Whenever the PIC receives a CLIP message from the cell phone, it checks if the received number exists in its internal EEPROM. In case it exists, it sends a "A:<9_DIGIT_NUMBER>" to the computer. In case the number does not exist, it sends a "R:<9_DIGIT_NUMBER>" to the computer.

Regarding the door opening mechanism, once a message is received with a valid number, the motor is activated until a switch located near the motor is activated T times (to ignore the voltage spikes caused by motor noise). Then it waits 3 seconds and activates the motor again until the switch is released.

You can download the firmware by clicking here.

Step 7: Python Application to Send Data to Google Spreadsheets

As referred, in order to create an online entrance Log and to create a public log of daily entrances, we used an old computer to send the data to a spreadsheet on Google Docs. Of course we would prefer using a Raspberry Pi for this purpose, but we couldn't find nor a Raspberry Pi in our trash boxes nor 40€ to buy one :P Moreover, for proof of concept an old computer works perfectly fine. The computer is running a lightweight Linux distro: Lubuntu 12.04. All the code to send data to the spreadsheet was developed in Python and we advise that at the moment the code is not pretty and not commented, since it was written quickly just to get the system working. In order to be able to send and receive data from a Google spreadsheets we first had to install the Google Data API. To install it, just go here, download the latest version, extract the files into a folder and then run the script inside the folder by entering the following command in the console:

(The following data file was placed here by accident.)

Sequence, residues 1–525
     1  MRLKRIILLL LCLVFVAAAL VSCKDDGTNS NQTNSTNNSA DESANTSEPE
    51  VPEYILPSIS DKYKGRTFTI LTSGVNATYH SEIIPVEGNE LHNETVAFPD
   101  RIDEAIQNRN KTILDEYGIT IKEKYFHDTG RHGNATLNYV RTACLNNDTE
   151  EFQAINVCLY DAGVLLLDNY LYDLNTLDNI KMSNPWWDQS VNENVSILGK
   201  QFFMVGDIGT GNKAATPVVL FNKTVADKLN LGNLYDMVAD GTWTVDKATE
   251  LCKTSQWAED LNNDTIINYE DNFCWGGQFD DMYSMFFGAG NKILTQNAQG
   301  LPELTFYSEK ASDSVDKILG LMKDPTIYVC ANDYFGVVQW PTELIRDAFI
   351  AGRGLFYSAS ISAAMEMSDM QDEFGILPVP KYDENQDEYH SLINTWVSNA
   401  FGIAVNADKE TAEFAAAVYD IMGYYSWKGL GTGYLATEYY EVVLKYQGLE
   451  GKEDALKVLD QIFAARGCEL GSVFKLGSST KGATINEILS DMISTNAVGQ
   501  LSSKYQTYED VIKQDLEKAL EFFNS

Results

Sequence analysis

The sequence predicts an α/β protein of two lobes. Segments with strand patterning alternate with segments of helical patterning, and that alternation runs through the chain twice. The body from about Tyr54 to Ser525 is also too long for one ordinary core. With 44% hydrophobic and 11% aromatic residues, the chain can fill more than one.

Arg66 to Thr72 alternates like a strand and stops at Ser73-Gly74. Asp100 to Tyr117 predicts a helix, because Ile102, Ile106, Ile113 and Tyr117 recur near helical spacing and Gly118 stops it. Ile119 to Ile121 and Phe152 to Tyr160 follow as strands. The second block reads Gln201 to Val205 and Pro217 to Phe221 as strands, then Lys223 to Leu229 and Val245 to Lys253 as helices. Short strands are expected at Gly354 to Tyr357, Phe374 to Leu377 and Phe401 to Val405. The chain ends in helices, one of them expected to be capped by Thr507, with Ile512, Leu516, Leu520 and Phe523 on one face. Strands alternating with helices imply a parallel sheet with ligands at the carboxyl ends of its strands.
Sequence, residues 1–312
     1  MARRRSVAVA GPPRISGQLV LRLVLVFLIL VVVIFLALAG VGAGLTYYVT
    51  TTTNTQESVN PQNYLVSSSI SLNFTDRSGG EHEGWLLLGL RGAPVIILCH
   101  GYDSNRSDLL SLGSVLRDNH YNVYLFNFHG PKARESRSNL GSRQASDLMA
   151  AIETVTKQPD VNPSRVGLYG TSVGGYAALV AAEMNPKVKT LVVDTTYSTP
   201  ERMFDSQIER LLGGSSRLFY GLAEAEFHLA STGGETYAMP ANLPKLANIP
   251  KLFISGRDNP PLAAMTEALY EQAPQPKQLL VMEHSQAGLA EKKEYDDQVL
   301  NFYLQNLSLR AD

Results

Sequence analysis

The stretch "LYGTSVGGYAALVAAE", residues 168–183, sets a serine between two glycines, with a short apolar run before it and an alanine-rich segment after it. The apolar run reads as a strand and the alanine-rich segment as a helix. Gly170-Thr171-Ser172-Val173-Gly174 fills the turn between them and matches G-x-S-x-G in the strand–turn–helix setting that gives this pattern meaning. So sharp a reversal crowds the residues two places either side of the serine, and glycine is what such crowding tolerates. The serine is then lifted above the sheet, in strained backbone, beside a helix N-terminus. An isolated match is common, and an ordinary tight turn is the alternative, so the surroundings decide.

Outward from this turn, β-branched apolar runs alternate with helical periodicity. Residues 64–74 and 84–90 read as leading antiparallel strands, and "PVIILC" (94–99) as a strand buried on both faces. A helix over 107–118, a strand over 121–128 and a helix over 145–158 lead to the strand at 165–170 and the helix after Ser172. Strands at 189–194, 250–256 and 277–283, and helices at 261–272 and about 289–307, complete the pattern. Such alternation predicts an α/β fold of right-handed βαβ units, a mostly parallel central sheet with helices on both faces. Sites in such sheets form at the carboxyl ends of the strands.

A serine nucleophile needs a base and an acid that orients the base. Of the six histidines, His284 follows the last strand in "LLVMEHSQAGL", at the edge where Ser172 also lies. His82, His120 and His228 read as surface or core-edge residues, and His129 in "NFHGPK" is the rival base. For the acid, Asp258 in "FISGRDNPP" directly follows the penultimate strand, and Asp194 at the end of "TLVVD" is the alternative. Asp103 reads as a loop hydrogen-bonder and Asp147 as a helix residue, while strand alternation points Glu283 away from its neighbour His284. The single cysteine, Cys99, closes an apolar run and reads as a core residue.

<pre> ./ install </pre>
Before beginning coding, we had to set up two Google Spreadsheet files: one to store the list of eLab members, with columns for their names, cell phone numbers and some other contact info; and another one to be the eLab Entrance Log, containing columns for the date, hours, phone number, name of member, and if the entry was accepted or rejected. The second spreadsheet file contains also two other spreadsheets, being one of them just to perform operations on data for visualization and the second one being used to be the daily entrance log, with the entries of the current day being fetched from the first spreadsheet. Here you can see and download sample spreadsheets:
 - Members -
 - Entrance Log -
For serial port communications we also had to install pyserial using the following command:
<pre> sudo apt-get install python-serial </pre>
Once we had the system working we thought it would be fun if every member could have its own entrance music :) So, we installed pygame using the command
<pre>sudo apt-get instal python-pygame </pre>
and added a new column for the song filename in the eLab members spreadsheet and also added a few more lines of code to the Python application to play the song. Of course at the beginning we had to joke around and put some stupid music for some eLab members entrances :P As an example, now when one of us enters it plays the epic Pirates of the Caribbean theme, for other member it plays the Champions League theme, and so on...